Currently, there is no cure for HD. There are various drug treatments for some of the symptoms such as involuntary movements (chorea).
Across the world, including in Australia, there is much research being done into HD. The ultimate goal is to find a treatment that substantially improves the symptoms or completely eradicates them.
An example of a long-running international study is Enroll-HD. It began in 2012 and observes the progress of people with HD to enable better drug discovery and clinical trials. Many thousands of people across 21 countries are involved. To read about it, see https://enroll-HD.org
Scientists are optimistic that a useful treatment will be found. Proof of that optimism can be found in Australia, where Professor Julie Stout at Monash University has begun a large project funded by a National Health and Medical Research Council grant, to prepare the Australian Huntington’s community for accessing such treatment when available in future. The study also aims to develop an Australian model of care for people with HD and their community.
A very useful website for reading about current research into HD across the world is HDBuzz at https://en.hdbuzz.net
In the meantime here is the exciting new initiative mentioned above happening in Australia - the HDNA project run by Professor Julie Stout from Monash University.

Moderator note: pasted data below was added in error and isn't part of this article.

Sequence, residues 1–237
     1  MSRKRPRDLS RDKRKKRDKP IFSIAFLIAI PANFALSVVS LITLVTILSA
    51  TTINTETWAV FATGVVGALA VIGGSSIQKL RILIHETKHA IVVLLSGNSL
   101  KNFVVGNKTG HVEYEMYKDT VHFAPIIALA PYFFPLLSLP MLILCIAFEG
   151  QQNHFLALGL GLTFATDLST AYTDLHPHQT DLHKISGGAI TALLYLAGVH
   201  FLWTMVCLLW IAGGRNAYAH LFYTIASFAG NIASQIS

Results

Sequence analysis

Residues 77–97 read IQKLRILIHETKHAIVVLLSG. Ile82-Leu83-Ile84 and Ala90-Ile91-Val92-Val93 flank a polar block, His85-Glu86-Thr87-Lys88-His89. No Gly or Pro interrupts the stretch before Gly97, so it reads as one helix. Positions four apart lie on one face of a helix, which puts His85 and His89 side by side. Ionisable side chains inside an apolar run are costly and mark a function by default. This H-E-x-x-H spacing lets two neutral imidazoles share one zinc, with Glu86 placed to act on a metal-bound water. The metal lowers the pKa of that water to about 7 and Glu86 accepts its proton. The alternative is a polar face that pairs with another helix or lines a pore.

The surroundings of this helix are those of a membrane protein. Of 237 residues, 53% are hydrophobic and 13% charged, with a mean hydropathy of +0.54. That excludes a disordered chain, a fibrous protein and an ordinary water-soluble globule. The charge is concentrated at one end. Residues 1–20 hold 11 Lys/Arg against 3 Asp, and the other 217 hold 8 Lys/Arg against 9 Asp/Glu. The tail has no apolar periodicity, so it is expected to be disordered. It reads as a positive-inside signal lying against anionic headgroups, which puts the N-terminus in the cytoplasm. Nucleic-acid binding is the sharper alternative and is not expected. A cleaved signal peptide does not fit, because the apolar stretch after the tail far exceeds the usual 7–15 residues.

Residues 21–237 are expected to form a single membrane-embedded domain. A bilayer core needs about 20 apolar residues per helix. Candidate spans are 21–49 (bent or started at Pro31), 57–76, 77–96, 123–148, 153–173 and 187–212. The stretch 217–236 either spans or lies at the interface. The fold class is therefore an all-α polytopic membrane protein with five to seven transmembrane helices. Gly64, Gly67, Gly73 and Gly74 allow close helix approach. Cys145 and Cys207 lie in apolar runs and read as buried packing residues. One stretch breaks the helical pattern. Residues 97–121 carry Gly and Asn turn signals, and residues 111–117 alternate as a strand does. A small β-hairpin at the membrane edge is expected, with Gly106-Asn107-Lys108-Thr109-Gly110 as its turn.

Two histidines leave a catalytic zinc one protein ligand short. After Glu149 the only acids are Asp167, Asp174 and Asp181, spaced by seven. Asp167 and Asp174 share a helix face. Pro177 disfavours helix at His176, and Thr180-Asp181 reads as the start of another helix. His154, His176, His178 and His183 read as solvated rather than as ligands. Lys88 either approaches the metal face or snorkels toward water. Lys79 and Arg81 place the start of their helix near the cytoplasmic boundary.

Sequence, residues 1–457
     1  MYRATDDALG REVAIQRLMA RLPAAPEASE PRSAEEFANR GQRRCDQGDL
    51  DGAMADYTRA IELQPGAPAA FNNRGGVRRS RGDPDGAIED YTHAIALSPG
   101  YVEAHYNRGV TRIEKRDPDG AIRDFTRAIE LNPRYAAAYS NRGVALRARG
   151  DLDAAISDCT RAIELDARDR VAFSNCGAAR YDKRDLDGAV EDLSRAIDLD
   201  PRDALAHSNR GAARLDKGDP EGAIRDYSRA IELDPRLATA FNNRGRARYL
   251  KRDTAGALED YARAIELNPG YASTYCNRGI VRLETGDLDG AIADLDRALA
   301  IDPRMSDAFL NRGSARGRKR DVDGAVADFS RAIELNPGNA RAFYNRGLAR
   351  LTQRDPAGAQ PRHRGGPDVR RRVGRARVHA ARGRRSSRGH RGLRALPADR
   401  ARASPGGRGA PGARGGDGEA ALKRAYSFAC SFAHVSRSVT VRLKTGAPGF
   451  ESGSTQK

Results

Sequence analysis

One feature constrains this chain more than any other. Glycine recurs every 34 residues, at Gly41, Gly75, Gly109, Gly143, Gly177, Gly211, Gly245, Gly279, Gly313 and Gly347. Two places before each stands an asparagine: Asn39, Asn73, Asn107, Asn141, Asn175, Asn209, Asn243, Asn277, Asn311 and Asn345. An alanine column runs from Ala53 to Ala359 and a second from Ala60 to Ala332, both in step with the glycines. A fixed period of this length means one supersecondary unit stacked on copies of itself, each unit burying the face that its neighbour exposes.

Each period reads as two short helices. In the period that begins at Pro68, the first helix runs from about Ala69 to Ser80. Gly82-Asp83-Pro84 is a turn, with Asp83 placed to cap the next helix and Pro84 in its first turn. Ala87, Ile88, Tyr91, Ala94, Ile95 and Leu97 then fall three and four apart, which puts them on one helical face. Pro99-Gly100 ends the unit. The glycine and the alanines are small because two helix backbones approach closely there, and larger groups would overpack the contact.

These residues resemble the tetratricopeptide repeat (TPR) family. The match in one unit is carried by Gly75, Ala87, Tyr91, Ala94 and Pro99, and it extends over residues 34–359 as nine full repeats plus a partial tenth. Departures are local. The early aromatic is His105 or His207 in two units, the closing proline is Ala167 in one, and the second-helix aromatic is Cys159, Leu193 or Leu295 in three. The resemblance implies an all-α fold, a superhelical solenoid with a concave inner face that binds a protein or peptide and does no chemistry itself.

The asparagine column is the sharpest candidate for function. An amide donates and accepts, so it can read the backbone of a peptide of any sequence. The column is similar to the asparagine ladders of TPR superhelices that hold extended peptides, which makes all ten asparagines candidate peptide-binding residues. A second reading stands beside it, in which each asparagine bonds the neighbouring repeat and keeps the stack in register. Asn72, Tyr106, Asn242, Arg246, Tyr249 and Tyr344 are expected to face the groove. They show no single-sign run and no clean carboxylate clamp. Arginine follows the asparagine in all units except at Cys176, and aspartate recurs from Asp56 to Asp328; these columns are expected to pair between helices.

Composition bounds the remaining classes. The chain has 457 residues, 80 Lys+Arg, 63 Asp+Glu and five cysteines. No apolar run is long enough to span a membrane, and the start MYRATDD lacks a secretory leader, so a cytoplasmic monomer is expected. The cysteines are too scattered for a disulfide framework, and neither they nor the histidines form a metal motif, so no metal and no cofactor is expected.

Julie Stout is a professor in the Turner Institute for Brain and Mental Health and the School of Psychological Sciences at Monash University in Melbourne. She is an expert in measuring thinking and memory in neurodegenerative diseases such as Huntington’s disease, Alzheimer’s disease and Parkinson’s disease. Julie teaches university students about how the brain works in the context of our everyday thinking and behaviour. She conducts research aimed at understanding how changes in behaviour, such as thinking, moving, and mood, are affected as the brain and body change with dementia-causing diseases. Professor Stout has a PhD and was trained in the US as a clinical psychologist and a clinical neuropsychologist and practiced for many years before shifting to full time research and teaching. She relocated in 2007 to become a professor at Monash University.
A major effort she is leading at the moment is the development of the Huntington’s Disease Network of Australia, which is building a registry of people across Australia who are affected by Huntington’s disease, and studying the prevalence of this disease in Australia, all in preparation for bringing new treatments to patients as soon as possible.